Approximately 3.6% of the comments included both positively and negatively classified emojis. Sad emojis (negative broad classification) generally do not have a major impact on the perception of an adjoining piece of text [18]. However, it must also be noted that positive emojis are commonly used with “ironic” and “polite” connotations as well as for direct positive meanings [19]. Furthermore, there was the additional potential that the attitude of public comments may not have reflected the study objective. A comment may represent the views of a user based on the popularity status of the subject or the featured species itself and the appeal of the animal rather than a direct reflection of the user’s opinion on the exotic animal trade. Therefore, it is difficult to determine the true intent of the chosen emojis due to the variation in perceptions of these emojis by social media users. As this study investigated only social media posts regarding exotic species-related content, the public reception to these posts based on this data cannot be compared to posts not associated with this area.
There were 72.6% more positive comments based on the presence of positive keywords compared to negative comments containing negative keywords. Language barriers, typos, and spelling variations undetected during the analysis may have resulted in this difference. There was the potential that keywords may have been used for ironic or non-direct purposes, as seen with positive emojis [19]. This could not be detected via the methods of analysis used in this study.
Potential bias was a possibility in subjects who deleted comments deemed unfavourable to their image, which would have been reflected in a lowered negative response toward their exotic animal posts. As comments were extracted from the most popular social media posts based on like counts, non-uniformity was present in the total number of analysed comments per species. This may have produced a skew in analysis results caused by varied sample sizes. Furthermore, the popularity of an individual subject may have influenced the common theme of comments by the public on their social media posts. An overall positive or negative comment tone may have been a direct reflection of an individual’s popularity.

4.3. Social Media and Population Trends in the Middle East

In January 2018, a 32% annual growth of social media users was reported in Saudi Arabia (10% greater than the worldwide average), indicating an increased demand for social media and its products [20]. Middle Eastern countries including Jordan and Lebanon, although not looked into greatly in this study, also produced the highest volume of social media use in 2018, with a spike seen in this statistic during 2015–2017, which may have radiated across other Middle Eastern countries [20]. An influx of users in these areas of the Middle East was reflective of a boom in population, resulting in an increase in the social media-savvy demographic, with more than 60% of Middle Eastern citizens being under the age of 30 in 2015 [21]. The elevated growth of male relative to female populations due to an imbalanced gender ratio (51:49) was reflected in data found in a study on gender and social media use (however, in this case, it must be considered that only exotic species-related content was considered for the study data) [21]. Sixty-three percent of the younger population in the Middle East has been reported to use social media (Facebook®™, Twitter®™) as a primary source of news and information, rather than traditional media sources such as television and official online news platforms [20]. This dependence on social media further supports the influence social media has over online users in this region. Despite there being a clear division between the socioeconomic status of members of Middle Eastern monarchies and the citizens of these countries, the social environment between these groups remains respectful and in favour of nation rulers and their families [22]. This would explain the large following of these rulers on social media and the largely positive response toward their lavish lifestyles from nonmonarchs. Idolism toward these figures and their actions translates to a greater impact on their followers, thus perpetuating the popularity and acceptance of exotic pets in common settings. Between 2013 and 2014, approximately half of surveyed exotic pet shops were reported to sell CITES Appendix I-listed species (A-L Chaber, personal communication). This may have correlated with the predominant featuring of CITES Appendix I species in celebrity social media posts and the consequential impact of such on private purchases of exotic pets in the Middle East (Table 2).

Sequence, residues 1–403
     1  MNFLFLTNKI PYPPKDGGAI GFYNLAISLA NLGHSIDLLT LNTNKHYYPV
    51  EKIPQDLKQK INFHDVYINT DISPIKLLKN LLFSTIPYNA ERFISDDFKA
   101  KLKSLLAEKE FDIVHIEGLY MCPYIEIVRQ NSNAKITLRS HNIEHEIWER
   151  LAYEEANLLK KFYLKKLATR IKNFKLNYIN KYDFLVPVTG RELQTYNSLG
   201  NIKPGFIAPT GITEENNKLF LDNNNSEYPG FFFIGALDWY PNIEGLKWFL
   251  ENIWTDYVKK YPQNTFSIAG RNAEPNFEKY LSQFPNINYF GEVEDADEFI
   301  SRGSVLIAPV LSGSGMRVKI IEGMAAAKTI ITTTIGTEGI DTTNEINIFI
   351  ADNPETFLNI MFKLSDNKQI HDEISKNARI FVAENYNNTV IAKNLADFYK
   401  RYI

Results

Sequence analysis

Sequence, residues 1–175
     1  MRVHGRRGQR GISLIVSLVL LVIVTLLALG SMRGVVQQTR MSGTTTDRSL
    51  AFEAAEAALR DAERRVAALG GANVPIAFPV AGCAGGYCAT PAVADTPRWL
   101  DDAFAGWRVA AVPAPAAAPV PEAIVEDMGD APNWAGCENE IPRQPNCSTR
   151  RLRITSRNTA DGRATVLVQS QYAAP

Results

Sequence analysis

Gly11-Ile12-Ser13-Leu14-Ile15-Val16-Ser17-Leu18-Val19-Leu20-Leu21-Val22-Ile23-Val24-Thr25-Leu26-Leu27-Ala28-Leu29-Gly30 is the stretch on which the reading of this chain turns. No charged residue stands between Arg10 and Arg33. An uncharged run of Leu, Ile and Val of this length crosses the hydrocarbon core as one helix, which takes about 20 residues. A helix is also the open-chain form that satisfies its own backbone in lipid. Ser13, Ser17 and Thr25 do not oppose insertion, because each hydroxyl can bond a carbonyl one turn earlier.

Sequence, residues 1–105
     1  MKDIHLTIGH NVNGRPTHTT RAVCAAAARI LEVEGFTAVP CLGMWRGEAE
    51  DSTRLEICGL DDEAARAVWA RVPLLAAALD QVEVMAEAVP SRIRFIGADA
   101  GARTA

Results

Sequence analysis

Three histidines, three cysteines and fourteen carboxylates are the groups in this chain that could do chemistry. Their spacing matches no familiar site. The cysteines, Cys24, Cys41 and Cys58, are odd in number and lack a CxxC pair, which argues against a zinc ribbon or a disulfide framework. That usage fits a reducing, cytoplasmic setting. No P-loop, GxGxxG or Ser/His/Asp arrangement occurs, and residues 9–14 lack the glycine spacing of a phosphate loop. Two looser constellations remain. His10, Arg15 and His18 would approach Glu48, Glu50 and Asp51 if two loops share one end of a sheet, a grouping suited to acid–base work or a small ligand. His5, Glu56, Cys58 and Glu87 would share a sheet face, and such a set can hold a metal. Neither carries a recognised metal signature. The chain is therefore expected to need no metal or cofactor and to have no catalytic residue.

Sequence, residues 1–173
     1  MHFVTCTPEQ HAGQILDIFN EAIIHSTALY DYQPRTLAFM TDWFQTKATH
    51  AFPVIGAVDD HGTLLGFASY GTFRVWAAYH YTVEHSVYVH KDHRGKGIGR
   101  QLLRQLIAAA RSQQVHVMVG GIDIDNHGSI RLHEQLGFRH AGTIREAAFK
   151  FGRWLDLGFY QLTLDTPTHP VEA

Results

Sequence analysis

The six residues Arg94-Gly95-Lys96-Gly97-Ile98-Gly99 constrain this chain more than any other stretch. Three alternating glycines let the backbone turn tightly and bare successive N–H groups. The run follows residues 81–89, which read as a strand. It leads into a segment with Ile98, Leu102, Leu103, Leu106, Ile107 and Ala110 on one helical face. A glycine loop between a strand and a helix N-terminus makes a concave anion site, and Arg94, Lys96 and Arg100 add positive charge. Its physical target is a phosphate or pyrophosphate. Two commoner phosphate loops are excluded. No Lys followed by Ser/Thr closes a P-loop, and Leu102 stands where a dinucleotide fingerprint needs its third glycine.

4.4. Exotic Animal Trade

The Convention of International Trade in Endangered Species of Wild Fauna and Flora (CITES) is an international entity that regulates the trade and movement of endangered or at-risk species [23]. All regions investigated in this study are included in this conservation effort (UAE, Qatar, Bahrain, Kuwait). CITES lists are divided into three categories of descending severity: Appendix I (heavily restricted trade), Appendix II (trade only allowed without threat to species survival), and Appendix III (trade allowed with export permit) [24]. A number of species included in the data are found on CITES lists, including but not limited to African grey parrots (Appendix I), cheetahs (Appendix I), and gorillas (Appendix I) (Table 2) [25]. Due to the at-risk status of species included on CITES lists, these animals are considered rarities and are considered to be more profitable in the illegal wildlife trade [26].
A highly active subject included in the total data of the study was removed from the adjusted data due to a potential representation of bias, which would have over-represented and skewed the study results. However, this subject should not be considered a true factor of bias. The high volume of posts focused on exotic pets kept by the subject rather than political commentary contrasted to many other subjects of the study. The subject promoted a number of species (e.g., big cats, great apes) that were expected to have a large focus in the study but that were largely not represented in the final collected data. This may suggest that the subject could act as an unfiltered view into the exotic pet trade and exotic pet ownership in the Middle East.